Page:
Sen. Jay Rockefeller (D-W.V.) lifted his hold on the bill late in the day on Monday, allowing the bill to proceed. When asked about the reasons for his delay, the Senator rather mysteriously said, “it’s sort of the internal workings of the Senate.” Lifting the hold allowed Sen. Leahy to go to the floor and secure the unanimous consent of the Senate.

Media coalition files comments on restrictive Department of Defense FOIA regulations

Adam Marshall | Freedom of Information | Commentary | November 6, 2014
November 6, 2014

The Reporters Committee for Freedom of the Press, joined by a national coalition of media organizations, has filed comments on proposed Department of Defense (DoD) Freedom of Information Act (FOIA) regulations. As the comments note, the press routinely relies on FOIA to gain access to government records in order to inform the public on the workings of the government and its elected officials. Ensuring agencies implement FOIA in a manner that is faithful to the spirit of the law and President Obama’s stated commitment to transparency is imperative in order for the press to perform its important role in our democracy.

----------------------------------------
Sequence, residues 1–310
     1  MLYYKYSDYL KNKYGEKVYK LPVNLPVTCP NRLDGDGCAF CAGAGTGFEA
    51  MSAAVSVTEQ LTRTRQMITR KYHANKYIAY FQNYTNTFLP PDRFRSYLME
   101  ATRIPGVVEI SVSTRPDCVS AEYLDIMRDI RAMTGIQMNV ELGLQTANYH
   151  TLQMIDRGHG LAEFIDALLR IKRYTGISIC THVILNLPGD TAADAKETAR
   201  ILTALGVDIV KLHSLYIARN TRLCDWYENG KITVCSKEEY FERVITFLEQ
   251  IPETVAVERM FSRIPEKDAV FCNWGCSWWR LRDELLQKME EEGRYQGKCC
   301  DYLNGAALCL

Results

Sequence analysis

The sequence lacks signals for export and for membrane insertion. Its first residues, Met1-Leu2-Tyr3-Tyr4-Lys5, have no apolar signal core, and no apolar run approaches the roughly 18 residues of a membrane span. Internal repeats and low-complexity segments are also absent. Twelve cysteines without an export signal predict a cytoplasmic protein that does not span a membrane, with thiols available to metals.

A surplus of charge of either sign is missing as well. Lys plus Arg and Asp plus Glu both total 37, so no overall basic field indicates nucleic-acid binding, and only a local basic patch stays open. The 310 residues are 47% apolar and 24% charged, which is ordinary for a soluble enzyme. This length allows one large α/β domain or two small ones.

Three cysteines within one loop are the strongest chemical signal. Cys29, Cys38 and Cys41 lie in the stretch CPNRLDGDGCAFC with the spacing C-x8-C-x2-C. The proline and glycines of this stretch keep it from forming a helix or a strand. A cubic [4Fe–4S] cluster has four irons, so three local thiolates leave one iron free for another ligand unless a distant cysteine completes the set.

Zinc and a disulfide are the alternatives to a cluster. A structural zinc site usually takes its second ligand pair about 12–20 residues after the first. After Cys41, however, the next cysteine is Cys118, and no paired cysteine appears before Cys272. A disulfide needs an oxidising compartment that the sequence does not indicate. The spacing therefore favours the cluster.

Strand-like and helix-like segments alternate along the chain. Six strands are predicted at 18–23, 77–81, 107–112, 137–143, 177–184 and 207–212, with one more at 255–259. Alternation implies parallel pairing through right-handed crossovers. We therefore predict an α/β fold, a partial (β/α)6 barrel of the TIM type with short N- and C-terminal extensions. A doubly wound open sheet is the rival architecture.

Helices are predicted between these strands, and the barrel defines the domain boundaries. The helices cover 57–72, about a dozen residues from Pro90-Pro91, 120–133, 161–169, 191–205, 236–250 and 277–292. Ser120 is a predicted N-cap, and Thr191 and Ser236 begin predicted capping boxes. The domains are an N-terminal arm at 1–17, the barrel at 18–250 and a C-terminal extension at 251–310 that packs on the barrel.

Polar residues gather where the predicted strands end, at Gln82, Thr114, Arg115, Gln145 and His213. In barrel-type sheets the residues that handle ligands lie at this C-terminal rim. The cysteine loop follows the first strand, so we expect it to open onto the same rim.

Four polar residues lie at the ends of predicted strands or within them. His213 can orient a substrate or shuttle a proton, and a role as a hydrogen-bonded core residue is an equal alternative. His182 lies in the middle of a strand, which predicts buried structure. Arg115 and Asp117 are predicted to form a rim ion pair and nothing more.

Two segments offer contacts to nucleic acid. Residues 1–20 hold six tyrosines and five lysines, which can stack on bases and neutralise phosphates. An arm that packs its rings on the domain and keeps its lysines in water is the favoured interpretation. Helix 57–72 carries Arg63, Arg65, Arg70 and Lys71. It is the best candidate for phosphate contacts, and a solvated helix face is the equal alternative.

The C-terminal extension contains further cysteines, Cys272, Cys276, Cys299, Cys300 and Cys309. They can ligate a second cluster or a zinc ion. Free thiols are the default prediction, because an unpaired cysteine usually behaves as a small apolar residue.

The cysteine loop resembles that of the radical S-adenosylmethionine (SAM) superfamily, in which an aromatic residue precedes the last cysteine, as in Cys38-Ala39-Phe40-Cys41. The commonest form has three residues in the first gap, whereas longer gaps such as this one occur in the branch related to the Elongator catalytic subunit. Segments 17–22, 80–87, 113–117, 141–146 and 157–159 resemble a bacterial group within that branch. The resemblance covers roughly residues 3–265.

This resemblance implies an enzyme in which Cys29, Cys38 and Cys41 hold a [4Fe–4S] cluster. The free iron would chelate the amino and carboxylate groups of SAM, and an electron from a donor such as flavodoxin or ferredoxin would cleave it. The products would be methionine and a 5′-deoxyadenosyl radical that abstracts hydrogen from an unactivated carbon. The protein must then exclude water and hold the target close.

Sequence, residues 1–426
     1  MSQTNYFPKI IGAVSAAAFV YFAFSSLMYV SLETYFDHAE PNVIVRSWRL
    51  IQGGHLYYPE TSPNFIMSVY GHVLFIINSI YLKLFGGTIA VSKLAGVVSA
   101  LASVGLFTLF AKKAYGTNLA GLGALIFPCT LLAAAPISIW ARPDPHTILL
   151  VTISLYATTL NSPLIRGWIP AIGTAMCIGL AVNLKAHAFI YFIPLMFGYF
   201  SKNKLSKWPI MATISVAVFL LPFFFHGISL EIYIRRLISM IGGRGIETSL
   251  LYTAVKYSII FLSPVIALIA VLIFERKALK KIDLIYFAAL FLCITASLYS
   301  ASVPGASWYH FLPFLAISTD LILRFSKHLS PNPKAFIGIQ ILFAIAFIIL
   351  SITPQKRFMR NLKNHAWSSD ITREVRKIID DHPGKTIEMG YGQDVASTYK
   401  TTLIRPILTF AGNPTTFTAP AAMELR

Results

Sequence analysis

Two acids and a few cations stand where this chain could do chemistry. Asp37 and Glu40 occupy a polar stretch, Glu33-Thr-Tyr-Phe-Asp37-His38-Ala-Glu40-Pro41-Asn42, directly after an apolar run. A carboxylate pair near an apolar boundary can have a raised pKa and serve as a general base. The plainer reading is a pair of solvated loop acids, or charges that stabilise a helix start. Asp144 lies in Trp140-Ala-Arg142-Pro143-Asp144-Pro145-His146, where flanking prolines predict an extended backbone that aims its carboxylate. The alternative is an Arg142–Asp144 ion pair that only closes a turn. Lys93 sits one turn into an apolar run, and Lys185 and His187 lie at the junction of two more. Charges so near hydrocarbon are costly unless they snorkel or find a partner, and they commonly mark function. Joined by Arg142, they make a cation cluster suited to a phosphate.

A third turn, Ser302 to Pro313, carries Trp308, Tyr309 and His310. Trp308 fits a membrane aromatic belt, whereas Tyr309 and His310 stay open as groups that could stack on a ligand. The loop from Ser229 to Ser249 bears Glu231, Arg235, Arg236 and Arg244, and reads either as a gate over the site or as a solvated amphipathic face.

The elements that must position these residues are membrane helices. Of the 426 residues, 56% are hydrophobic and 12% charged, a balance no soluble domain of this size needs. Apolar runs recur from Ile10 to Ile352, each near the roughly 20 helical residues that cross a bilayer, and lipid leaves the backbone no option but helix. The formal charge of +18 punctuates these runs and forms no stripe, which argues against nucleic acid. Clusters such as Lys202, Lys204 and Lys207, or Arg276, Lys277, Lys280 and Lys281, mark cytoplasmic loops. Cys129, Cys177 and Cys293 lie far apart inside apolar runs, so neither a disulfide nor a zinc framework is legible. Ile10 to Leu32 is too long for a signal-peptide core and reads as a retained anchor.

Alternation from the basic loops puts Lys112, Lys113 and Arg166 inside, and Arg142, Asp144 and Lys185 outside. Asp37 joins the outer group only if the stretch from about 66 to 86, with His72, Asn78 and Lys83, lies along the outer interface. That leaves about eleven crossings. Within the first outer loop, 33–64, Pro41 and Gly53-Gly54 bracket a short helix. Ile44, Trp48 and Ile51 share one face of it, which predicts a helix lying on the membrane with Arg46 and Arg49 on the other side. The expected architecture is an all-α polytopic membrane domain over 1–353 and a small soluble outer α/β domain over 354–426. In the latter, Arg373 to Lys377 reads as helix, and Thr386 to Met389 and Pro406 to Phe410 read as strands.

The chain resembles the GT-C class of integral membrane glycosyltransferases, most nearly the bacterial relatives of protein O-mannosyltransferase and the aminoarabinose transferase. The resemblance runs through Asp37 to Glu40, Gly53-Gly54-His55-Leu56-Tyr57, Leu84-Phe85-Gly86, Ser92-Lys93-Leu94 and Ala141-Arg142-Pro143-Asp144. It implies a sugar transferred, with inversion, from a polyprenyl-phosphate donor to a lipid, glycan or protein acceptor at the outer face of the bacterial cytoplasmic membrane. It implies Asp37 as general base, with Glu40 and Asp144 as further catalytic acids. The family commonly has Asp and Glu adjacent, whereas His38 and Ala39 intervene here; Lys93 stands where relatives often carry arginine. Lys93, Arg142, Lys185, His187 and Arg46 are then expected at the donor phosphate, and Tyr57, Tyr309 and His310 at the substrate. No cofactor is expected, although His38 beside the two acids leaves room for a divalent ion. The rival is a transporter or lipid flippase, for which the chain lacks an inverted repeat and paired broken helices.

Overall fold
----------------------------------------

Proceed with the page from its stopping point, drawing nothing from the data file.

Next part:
Detroit Free Press wins third mugshot lawsuit

Emily Grannis | Freedom of Information | News | April 25, 2014
April 25, 2014

The Detroit Free Press won a lawsuit this week over the public's right to federal mug shots. It was the third time in 20 years that the paper won after suing the federal government on this issue.

Maine bans texting, instant messaging to conduct state business

Michael Rooney | Freedom of Information | News | March 31, 2014
March 31, 2014